The seating is tight. In some reviews of this tour, people were uncomfortable with how close the quarters were. We travel by bus and train often, so we are very used to sitting cheek to cheek with a stranger. In fact, being so close to people has allowed us to meet some very cool people on our journeys. But if close contact makes you uncomfortable this is not the tour for you. You can book a private charter, but of course, that will cost significantly more.
The Bay of Bocachica
After the boat is loaded, you head out to the bay. Here you will get great views of both the old, walled part of the city and the newer high rises across the bay. The boat makes a quick stop at the Forts of Bocachica: 3 forts built by the Spanish to protect Cartagena.
The guides on this tour are bilingual so if you don’t speak Spanish, don’t worry. After they explain the history of the impressive Castillo San Felipe Fortress in Spanish, they will give an English version. By the way, if the fortress is of interest, you can also tour this fort on a later date. This is only a stop on the water, you won’t be able to get out here.
First Stop: Isla De Pajarales
The first stop on the tour is near Isla de Pajarales. At this point in the tour, the operator will ask if anyone one wants to be dropped on the island to spend an hour at the Oceanarium. The cost to enter the Oceanarium was $28,500 COP or roughly $7.00 (in 2022). We were more interested in snorkeling around Isla de Pajarales so we passed the Oceanarium. But you can read for yourself if it is worth it here on their website.
Second Stop: Snorkeling
An Infamous Plane
Your first snorkeling experience is short, and not everyone from our tour group got into the water. But if you do get in and can swim down, you can not miss seeing the ruins of one of Pablo Esobar’s drug smuggling planes.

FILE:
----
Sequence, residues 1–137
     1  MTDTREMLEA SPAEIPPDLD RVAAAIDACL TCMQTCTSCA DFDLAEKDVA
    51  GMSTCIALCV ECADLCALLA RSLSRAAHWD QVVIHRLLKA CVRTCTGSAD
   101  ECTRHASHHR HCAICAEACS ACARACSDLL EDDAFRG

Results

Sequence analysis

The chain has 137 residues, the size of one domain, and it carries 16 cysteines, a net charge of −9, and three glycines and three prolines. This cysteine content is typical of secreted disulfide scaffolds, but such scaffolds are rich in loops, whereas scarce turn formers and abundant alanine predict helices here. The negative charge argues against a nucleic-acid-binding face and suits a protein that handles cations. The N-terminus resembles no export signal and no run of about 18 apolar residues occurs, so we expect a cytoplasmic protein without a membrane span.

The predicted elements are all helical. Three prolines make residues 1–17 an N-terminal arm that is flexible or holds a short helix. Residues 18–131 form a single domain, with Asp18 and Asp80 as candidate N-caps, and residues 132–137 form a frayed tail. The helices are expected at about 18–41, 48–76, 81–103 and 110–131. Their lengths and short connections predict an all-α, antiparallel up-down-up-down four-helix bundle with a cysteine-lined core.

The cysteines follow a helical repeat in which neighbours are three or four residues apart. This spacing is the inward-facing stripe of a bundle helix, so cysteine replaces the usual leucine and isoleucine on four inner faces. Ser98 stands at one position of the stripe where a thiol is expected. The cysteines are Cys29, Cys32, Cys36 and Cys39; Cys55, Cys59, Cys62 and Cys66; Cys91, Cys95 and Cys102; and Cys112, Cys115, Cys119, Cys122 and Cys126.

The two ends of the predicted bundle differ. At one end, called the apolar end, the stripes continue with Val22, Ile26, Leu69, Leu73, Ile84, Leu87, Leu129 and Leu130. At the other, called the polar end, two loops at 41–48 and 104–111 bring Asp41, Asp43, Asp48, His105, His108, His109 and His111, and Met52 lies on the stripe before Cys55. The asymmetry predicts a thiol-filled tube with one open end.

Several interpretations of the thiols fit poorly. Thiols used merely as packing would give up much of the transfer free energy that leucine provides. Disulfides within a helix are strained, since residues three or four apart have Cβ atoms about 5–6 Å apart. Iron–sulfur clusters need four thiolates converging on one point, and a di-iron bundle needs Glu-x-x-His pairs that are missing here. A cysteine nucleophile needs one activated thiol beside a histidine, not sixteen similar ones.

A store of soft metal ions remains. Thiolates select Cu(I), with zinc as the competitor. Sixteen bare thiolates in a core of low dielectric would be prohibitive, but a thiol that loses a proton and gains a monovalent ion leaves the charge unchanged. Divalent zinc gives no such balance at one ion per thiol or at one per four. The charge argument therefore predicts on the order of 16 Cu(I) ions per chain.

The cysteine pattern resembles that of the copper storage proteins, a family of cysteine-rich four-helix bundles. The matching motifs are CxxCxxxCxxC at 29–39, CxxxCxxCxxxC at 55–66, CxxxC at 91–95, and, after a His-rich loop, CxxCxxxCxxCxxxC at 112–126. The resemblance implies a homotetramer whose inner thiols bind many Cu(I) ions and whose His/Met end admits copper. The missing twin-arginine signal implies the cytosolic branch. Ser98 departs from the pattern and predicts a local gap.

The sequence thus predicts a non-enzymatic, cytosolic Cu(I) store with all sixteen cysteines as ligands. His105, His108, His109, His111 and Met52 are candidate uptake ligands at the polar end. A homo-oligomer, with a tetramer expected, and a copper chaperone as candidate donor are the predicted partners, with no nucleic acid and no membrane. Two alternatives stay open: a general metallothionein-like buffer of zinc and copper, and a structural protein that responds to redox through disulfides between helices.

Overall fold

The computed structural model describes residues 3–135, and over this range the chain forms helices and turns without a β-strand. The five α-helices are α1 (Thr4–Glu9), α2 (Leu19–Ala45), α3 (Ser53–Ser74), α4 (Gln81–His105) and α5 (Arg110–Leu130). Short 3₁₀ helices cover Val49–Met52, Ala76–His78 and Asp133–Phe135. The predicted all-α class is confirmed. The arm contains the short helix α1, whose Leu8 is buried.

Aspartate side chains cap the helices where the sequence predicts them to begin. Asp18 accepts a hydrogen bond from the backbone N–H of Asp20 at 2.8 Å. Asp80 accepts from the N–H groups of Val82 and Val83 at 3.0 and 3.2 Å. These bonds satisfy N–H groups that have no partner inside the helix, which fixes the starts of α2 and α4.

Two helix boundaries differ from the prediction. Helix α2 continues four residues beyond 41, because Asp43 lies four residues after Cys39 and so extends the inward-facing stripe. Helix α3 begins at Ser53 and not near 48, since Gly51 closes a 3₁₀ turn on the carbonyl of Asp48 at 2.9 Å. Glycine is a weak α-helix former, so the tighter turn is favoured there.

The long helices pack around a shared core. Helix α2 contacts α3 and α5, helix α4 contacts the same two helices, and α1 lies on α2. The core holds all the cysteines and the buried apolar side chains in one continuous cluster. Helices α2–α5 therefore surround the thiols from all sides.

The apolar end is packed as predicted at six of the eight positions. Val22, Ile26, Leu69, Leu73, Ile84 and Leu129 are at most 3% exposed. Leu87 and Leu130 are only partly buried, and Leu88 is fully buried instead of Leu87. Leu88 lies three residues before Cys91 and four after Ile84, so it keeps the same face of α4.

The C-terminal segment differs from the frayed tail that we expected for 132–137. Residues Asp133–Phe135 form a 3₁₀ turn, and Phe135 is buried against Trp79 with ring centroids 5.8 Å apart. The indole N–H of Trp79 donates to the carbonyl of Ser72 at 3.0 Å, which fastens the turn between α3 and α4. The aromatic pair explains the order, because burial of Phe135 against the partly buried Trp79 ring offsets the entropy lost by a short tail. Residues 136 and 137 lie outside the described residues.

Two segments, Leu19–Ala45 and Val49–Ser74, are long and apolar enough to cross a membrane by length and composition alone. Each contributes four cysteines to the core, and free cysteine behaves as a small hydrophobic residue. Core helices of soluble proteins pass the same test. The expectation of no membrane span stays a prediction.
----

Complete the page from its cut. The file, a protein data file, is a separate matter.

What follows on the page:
I won’t even pretend to understand the complicated relations of Esobar to the Colombia people, both as someone who evokes terror and violence, but also someone who invested heavily in the country. The plane is sunk in the bay right in front of Escobar’s mansion called “La Grande.” Once a mansion with hundreds of rooms, the mansion has fallen in complete disrepair and is now home to numerous wild pigs. As for the plane, the guide didn’t go into detail. In general, the Colombians are not interested in talking about Escobar and seek to distance themselves and their country. But the plane can not be denied. And it is your first stop.
After a brief stop to snorkel above the plane, the tour takes you to a natural coral pool in San Martin De Pajarales. This was my favorite part of the day. While the snorkeling is not as clear as what I experienced in the Galapagos Islands, it was way better than the coral reef off Ambergris Caye in Belize.
Our guide was especially kind because he snapped underwater photos of each group. The next day he sent us the underwater photos, which was such a treat.
Third Stop: Lunch on a Private Island
After snorkeling, it is time for lunch. The tour takes you to a private island where you have an hour or so to relax on the beach. But most importantly, it is time for lunch. Included in the price of the tour is a traditional Caribbean meal. You can select either fish, chicken, or vegetarian. All three of us chose the fish and it was delicious.
Fourth Stop: Cholon in Baru
Okay, I told you we were being honest. So honestly Cholon was not my favorite stop. But that had everything to do with the fact that we are traveling as a family and Cholon is all about the party. And not that we don’t enjoy some festivities, but Cholon was all about the Spring Break vibes.
In essence, Cholon is a small beach. But in Cholon it really isn’t about the beach. Instead, surrounding the beach, Cholon has a series of small thatched huts where people wade in waist-high water drinking cocktails, eating ceviche, and, well, just partying.
The area is surrounded by private and chartered boats, where people are drinking, dancing onboard and hopping on and off to experience some hut time. I can imagine a time in our lives where Cholon would have been great fun. But for us, it was just a break from the boat and a chance to wade around in the water.
If you want to pay more, the tour guides will help you charter a jet ski ride during the stop. We didn’t take one, but if memory serves it was about $50 USD for 30 minutes. A little steep for these budget travelers. But several members of our group went out on jet skis and had a great time. There is also the option to be pulled on a “banana boat” behind speed boat, again an optional extra expense.
Stop Five: Playa Blanca